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The Scottish diaspora and Scottish independence

24 Jun 2014

Emigration and identity

Much of the discussion around the relevance of migration and migrants to the Scottish independence debate revolves around the effects of independence on current immigration policies in Scotland and the rest of the UK. But in the last two centuries, Scotland’s population change has been characterised more by emigration than by immigration.

While this long period of emigration is often discussed in the context of the loss of young, productive and talented people from Scotland, and in raising questions about whether the nation’s economic development suffered as a result, it also led to a huge Scottish ‘diaspora’ – communities of Scottish descent that have become established all over the world. This diaspora has significant implications for Scotland’s role in the world, from both a cultural and an economic standpoint.

Clear data on the actual size of the Scottish diaspora are hard to come by and are critically dependent on how one chooses to define ‘Scottish diaspora’. The number of people born in Scotland and living outside the UK, for example, is estimated at about 200,000, while about 850,000 Scottish-born people are believed to live elsewhere in the UK (Shaw 2013). The population of Scotland, in contrast, stood at 5.3 million in the 2011 Census.

These relatively modest numbers are dwarfed, though, by estimates of the size of the ‘Scottish diaspora’ using looser interpretations of the term that include those with more distant Scottish ancestry, in particular those who still consider themselves to be, in some way, Scottish. When these more distant ‘Scots’ are included, estimates of the size of the diaspora increase to more than 30 million (Sim 2011) – with some suggesting the number could be as high as 100 million. Clearly, larger numbers relate to those whose sense of Scottishness is based on more distant heritage – potentially going back several generations – or even less tangible relationships with Scotland.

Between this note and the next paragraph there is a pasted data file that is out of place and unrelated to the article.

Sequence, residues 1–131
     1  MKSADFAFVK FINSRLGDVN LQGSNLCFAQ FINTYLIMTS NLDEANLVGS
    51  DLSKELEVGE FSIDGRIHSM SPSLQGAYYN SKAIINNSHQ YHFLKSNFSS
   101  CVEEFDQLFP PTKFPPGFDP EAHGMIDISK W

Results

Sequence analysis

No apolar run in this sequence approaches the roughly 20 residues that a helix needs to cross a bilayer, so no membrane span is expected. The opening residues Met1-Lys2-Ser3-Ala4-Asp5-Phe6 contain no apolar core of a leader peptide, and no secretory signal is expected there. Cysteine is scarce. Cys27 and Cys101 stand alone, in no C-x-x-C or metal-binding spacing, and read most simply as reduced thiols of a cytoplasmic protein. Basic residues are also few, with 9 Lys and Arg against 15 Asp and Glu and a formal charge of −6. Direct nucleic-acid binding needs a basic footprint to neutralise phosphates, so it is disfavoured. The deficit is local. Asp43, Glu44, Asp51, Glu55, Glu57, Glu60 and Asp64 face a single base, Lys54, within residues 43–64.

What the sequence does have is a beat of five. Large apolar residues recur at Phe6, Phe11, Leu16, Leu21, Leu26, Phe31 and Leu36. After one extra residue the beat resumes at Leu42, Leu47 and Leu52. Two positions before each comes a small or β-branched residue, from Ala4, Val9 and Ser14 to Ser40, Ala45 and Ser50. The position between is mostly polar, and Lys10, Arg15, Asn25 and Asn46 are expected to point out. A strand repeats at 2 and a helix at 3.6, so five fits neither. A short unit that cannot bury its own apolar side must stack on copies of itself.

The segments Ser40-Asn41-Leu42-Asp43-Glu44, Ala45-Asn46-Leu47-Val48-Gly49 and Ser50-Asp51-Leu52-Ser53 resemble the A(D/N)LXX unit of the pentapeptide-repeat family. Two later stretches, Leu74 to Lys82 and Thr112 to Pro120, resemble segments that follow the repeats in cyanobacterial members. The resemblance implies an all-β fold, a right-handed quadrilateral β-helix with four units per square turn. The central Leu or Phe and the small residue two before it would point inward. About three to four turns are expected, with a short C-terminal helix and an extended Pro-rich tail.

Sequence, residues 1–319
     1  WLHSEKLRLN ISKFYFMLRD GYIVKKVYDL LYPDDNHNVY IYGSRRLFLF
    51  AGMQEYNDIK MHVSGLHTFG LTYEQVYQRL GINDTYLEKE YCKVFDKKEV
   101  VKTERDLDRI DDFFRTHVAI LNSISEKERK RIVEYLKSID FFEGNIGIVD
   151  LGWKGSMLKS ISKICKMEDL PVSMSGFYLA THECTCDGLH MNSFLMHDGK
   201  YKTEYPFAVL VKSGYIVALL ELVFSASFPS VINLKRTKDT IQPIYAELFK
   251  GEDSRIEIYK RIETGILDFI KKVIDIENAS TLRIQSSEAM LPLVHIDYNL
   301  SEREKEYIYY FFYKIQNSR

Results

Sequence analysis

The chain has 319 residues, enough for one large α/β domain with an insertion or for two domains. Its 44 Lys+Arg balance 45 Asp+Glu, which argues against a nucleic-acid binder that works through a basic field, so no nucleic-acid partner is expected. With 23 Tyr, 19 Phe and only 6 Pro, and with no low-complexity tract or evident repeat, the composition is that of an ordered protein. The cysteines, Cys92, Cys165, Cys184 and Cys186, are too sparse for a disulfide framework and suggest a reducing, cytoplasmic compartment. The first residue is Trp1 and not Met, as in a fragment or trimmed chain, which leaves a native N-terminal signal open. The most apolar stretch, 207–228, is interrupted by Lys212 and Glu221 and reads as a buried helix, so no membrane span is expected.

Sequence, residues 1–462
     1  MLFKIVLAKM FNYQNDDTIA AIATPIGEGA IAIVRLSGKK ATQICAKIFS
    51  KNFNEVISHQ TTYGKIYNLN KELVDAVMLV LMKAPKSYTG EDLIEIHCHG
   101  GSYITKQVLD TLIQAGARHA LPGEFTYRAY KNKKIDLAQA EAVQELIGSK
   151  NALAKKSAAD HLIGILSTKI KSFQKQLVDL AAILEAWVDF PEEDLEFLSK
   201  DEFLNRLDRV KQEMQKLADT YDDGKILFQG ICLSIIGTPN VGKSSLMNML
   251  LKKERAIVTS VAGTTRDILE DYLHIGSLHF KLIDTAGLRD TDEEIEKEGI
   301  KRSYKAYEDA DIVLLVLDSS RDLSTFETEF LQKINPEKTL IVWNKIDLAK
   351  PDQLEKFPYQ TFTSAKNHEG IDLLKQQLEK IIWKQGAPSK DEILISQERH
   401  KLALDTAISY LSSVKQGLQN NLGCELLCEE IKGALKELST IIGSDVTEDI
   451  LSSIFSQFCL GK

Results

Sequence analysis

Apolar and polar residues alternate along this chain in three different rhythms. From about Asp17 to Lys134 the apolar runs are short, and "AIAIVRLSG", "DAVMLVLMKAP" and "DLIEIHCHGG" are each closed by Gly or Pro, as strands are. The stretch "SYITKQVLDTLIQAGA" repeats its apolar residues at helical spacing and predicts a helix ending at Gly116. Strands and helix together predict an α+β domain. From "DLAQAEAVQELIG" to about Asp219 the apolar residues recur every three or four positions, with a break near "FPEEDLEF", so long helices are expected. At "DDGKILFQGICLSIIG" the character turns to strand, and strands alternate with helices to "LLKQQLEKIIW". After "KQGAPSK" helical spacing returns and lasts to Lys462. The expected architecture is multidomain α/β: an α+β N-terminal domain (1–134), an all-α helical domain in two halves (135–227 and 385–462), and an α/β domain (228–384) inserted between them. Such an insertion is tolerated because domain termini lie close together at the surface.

But while there may be much debate over the size or correct definition of the Scottish diaspora, it seems clear that a strong and enduring sense of ‘Scottish’ identity is important enough to be a fundamental part of the personal identity of many descendants of Scottish emigrants. It is this sense of identity, in particular, that affects elements of modern Scotland’s economy and its other interactions with the wider world.

Understanding why defining oneself as Scottish seems to have such an appeal to so many people in far-flung locations, who furthermore are often many generations removed from Scotland itself, is also difficult. However, the size of the self-identified Scottish diaspora in North America seems important; 2009 data from the US Census Bureau showed more than 9 million Americans identified themselves as having Scottish or ‘Scotch-Irish’ ancestry, and in the 2011 Census, 4.7 million Canadians identified themselves as having Scottish ancestry.

North America – and the USA in particular – has been a dominant cultural and economic power in the world for much of the last century, at least in part as a result of the huge cultural reach of Hollywood. But the USA’s own identity is dual: as both a ‘nation of immigrants’ and as a nation with its own distinct history and character (Martin 2011).

For most Americans and Canadians with an interest in their ancestry, efforts to understand their heritage will force them to look outside the borders of the Americas, and will often provide multiple potential national ancestral ‘identities’. While many of these are sure to be attractive, Scottishness brings a certain romance, regularly reinforced by popular culture, that may encourage Scottishness as a ‘choice’ of identity (Hague 2002).

Scotland’s presence in popular culture is certainly significant. A recent big data study of the content of global libraries showed that Scotland’s representation in literature was higher than average (Lavoie 2013); the very concept of ‘folk’ music has its roots in Scottish traditional music (Grant 2009), and Scottish musical themes – in particular pipe music – are regularly used to create images of wildness and ruggedness in film and television, even when the images are unrelated to Scotland. The 2010 animated film How to Train your Dragon – which was set in Scandinavia, but used Scottish themed music – is a case in point.

Scotland’s presence in movies has been so ubiquitous at times that David Bruce, former director of the Scottish Film Council, quipped in 1996 – around the time of the release of the films Trainspotting, Braveheart and Rob Roy – that “If there had been an Oscar for Best Supporting Country, Scotland would have won” (Zumkhawala-Cook 2008)